He mused about the “HD” nomenclature for a minute, then asked me if I meant satellite radio.
No, HD Radio. Like regular AM and FM radio, but digital and with more signals.
Now, I could weave all kinds of fancy verbiage around his answer, but the short strokes were: “No.” As in “No, I can’t demo it,” and “No, we don’t sell it,” and “No, I don’t know when GM will make it available for sale.”
He did say I could get one from Best Buy; he also took my card and promised to call when he found out more from the corporate guys at GM. (He never got back to me.)
Not an auspicious start, but I remained undaunted, and climbed out of the Corvette and into the minivan for the trip down the road to the nearby Ford dealer, Bo Bueckman Ford.
There I ran into Larry the new car salesman; I do mean “ran into,” since he practically leaped out the front door to greet me, car sales being a bit anemic lately.
Again, he was a knowledgeable and likeable car guy, but one without any specific info on HD Radio. He did, at least, know what it was (not satellite; no subscription charges; extra channels) and knew where at Ford to call for more information.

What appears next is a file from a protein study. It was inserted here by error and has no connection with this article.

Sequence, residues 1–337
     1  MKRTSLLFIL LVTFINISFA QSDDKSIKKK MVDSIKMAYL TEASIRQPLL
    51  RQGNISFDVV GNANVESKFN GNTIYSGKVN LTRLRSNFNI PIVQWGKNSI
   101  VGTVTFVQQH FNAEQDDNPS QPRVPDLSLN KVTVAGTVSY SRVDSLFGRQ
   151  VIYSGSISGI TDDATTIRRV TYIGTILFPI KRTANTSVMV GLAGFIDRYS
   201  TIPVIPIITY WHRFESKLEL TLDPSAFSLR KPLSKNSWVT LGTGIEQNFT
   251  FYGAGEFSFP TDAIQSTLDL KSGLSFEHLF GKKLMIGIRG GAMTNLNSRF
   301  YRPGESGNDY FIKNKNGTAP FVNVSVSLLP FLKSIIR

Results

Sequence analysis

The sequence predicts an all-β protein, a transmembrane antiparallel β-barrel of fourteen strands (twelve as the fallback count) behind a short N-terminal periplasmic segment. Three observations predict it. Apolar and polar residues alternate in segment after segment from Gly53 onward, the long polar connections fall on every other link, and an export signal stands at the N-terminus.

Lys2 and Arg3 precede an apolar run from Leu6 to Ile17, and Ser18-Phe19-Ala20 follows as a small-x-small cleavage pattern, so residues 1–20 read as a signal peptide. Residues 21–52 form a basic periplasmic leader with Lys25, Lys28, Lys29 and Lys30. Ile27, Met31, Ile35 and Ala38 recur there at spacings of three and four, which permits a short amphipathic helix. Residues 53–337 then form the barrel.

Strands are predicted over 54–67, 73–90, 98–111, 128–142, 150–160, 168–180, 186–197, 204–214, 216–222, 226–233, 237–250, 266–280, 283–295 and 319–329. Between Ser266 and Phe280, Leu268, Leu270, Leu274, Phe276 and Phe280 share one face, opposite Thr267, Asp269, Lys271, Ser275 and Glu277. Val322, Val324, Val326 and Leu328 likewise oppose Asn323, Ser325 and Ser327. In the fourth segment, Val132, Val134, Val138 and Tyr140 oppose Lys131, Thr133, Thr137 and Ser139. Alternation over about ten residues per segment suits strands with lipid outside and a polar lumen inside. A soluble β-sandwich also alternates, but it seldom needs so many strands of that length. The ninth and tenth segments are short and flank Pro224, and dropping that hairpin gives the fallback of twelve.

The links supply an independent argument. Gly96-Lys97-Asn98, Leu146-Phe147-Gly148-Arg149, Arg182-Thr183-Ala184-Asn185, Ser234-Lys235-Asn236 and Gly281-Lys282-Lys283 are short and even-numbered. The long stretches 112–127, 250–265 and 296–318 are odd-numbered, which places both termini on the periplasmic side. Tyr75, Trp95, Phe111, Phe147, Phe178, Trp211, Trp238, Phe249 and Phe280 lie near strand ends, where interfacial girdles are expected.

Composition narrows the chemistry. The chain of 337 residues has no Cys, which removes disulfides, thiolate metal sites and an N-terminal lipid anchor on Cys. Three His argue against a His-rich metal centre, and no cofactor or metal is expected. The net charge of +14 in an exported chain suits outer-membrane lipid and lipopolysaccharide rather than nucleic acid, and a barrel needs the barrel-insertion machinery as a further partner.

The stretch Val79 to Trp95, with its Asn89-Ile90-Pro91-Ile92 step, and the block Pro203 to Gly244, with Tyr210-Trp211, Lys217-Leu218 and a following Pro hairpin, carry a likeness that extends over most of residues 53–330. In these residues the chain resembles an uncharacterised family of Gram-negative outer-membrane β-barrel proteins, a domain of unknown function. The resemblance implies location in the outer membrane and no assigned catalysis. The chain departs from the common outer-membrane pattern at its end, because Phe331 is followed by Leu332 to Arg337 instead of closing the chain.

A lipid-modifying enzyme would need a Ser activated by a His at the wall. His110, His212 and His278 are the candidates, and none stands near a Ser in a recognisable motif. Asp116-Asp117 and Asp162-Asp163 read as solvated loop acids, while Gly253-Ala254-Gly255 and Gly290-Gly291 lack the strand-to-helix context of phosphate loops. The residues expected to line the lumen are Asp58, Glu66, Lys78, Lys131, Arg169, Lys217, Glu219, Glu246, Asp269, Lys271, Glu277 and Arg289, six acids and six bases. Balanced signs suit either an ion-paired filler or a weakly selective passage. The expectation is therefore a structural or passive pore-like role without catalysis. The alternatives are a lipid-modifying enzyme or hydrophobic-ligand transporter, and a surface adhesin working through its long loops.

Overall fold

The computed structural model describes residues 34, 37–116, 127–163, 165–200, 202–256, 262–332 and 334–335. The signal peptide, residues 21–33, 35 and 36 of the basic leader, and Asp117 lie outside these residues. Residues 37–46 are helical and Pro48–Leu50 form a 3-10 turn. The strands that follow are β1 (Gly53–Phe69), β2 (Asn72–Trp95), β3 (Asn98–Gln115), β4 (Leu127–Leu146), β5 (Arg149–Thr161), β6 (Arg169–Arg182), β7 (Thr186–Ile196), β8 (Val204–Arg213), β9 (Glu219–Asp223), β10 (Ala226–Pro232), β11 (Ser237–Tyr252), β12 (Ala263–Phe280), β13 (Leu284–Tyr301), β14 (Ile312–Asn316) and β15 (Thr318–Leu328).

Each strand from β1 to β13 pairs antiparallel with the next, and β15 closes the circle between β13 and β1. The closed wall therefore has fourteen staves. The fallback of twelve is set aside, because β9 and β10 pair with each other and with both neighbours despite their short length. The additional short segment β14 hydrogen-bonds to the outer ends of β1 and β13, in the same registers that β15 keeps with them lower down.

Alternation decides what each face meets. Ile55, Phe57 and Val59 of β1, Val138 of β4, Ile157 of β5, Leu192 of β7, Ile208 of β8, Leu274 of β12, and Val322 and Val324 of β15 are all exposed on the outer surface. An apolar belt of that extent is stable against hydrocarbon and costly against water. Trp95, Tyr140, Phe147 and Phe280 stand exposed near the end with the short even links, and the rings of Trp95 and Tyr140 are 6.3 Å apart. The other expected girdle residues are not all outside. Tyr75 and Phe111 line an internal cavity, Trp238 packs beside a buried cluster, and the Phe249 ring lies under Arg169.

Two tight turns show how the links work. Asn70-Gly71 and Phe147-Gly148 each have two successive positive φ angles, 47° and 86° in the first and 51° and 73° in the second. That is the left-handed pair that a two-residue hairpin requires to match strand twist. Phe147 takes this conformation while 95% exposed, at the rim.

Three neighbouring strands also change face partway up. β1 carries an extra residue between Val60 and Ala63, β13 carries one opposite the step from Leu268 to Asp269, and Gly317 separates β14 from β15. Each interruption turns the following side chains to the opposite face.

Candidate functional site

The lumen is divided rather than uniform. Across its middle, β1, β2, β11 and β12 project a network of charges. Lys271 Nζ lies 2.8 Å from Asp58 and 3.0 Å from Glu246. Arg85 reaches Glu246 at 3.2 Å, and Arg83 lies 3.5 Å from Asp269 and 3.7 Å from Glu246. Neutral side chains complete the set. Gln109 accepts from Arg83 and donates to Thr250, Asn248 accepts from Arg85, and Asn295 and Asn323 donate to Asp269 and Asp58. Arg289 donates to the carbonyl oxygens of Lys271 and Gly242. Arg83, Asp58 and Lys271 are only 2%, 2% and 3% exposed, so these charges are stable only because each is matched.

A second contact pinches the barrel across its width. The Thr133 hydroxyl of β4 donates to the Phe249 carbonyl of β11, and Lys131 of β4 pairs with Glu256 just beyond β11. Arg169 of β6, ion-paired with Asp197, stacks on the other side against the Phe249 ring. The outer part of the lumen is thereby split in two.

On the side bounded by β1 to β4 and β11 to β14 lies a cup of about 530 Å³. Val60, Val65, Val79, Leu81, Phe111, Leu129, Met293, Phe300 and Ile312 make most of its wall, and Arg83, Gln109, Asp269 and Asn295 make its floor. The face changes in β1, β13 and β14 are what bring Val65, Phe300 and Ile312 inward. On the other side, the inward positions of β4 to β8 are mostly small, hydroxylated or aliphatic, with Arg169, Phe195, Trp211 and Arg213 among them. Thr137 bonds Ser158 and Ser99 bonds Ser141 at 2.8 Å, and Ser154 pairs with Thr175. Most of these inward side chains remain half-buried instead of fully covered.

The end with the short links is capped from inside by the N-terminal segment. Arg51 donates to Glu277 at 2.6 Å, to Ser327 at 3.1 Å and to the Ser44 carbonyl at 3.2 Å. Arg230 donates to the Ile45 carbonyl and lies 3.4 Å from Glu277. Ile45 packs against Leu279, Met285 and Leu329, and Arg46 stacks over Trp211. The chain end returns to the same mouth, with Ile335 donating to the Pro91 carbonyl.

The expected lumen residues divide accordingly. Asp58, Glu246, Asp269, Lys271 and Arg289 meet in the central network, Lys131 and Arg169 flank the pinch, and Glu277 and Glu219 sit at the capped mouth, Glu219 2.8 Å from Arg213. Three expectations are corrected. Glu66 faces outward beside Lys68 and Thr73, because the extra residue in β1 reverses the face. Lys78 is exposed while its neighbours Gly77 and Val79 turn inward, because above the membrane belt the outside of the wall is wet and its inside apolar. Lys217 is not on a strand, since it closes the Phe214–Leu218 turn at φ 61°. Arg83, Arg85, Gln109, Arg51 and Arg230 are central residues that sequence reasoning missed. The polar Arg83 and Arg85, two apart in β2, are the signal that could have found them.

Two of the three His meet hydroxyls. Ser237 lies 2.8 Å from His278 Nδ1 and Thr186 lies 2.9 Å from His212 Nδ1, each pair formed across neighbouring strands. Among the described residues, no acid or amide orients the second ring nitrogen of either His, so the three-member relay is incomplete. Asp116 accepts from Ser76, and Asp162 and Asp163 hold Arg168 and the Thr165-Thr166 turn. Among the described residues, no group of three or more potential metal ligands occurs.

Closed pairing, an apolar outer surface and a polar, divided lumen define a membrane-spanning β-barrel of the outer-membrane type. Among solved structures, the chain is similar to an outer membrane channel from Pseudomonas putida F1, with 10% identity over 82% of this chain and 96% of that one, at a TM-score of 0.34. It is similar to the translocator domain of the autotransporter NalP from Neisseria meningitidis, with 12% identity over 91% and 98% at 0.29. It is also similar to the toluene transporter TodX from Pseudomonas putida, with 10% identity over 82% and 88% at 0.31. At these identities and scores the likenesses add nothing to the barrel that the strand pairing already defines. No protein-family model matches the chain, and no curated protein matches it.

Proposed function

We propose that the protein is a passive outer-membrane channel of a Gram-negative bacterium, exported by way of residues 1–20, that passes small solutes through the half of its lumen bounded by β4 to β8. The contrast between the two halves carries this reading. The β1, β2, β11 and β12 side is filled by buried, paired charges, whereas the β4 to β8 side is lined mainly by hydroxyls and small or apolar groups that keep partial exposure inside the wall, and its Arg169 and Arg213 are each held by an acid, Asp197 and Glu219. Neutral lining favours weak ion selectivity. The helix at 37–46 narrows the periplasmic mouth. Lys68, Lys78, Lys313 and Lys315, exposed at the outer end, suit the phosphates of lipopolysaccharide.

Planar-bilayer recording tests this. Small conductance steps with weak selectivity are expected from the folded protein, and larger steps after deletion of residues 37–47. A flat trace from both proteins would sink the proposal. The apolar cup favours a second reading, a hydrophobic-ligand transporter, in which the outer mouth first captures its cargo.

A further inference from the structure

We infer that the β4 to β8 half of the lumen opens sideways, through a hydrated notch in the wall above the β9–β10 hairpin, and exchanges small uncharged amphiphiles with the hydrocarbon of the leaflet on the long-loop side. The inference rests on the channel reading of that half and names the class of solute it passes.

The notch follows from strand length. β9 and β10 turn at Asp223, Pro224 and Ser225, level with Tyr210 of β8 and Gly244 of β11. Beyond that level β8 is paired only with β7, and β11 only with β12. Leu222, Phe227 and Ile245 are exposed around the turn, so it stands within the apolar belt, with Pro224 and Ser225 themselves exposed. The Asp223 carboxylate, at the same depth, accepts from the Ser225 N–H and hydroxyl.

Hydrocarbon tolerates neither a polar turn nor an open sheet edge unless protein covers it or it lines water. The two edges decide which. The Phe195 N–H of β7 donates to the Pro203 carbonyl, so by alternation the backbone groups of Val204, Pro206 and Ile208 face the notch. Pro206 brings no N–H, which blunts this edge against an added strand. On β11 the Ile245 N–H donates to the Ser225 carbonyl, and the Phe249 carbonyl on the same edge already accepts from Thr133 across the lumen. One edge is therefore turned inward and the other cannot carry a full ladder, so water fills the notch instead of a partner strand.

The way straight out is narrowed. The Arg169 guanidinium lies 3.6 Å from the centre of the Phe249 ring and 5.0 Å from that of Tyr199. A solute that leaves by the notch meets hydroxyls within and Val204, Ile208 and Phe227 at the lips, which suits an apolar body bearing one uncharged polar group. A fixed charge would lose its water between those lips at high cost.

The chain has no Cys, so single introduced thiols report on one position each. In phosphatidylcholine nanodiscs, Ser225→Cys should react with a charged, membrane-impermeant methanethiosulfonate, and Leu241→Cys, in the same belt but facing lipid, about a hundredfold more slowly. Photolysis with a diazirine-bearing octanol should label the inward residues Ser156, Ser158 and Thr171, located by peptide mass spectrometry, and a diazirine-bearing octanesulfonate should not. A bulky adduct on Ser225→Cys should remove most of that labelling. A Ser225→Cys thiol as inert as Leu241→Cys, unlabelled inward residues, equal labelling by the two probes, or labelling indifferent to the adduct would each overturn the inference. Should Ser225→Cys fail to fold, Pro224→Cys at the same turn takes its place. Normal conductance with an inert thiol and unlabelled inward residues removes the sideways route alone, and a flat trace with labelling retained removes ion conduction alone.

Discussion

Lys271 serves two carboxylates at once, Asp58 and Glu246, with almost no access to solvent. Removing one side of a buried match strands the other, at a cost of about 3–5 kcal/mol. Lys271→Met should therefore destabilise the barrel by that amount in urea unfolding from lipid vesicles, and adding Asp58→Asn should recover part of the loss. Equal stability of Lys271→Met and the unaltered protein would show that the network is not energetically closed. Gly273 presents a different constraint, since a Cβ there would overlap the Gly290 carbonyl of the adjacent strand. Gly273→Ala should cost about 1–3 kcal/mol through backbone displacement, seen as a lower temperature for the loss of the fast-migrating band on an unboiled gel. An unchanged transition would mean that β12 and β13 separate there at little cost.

He was kind enough to print out the official Ford position on HD Radio; I was amused to see that it was a reprint from www.hdradio.com. Turns out HD Radio will be offered as an option on certain models in 2009, but exactly which models is uncertain at this time.
I took the printout, thanked Larry and, since I had passed on buying the Corvette, did a quick calculation to see if I had enough equity in my house to buy the 650HP Saleen Mustang. I definitely did not, so I saddled up in the van to find the next dealership.
At this point I had an inspiration. The Germans! These guys know audio (not to mention cars). Heck, they invented magnetic tape recording; and old Gottlieb Daimler was building cars before Henry Ford had left the farm. They will know all about HD Radio.
I found a 2008 Mercedes C350 on display, a great-looking car, with every imaginable option … except HD Radio. Nor was there anything about “coming soon” on their showroom brochures.
Back to the van and over to the Chrysler dealer. HD Radio? No. Honda? No. Toyota? No.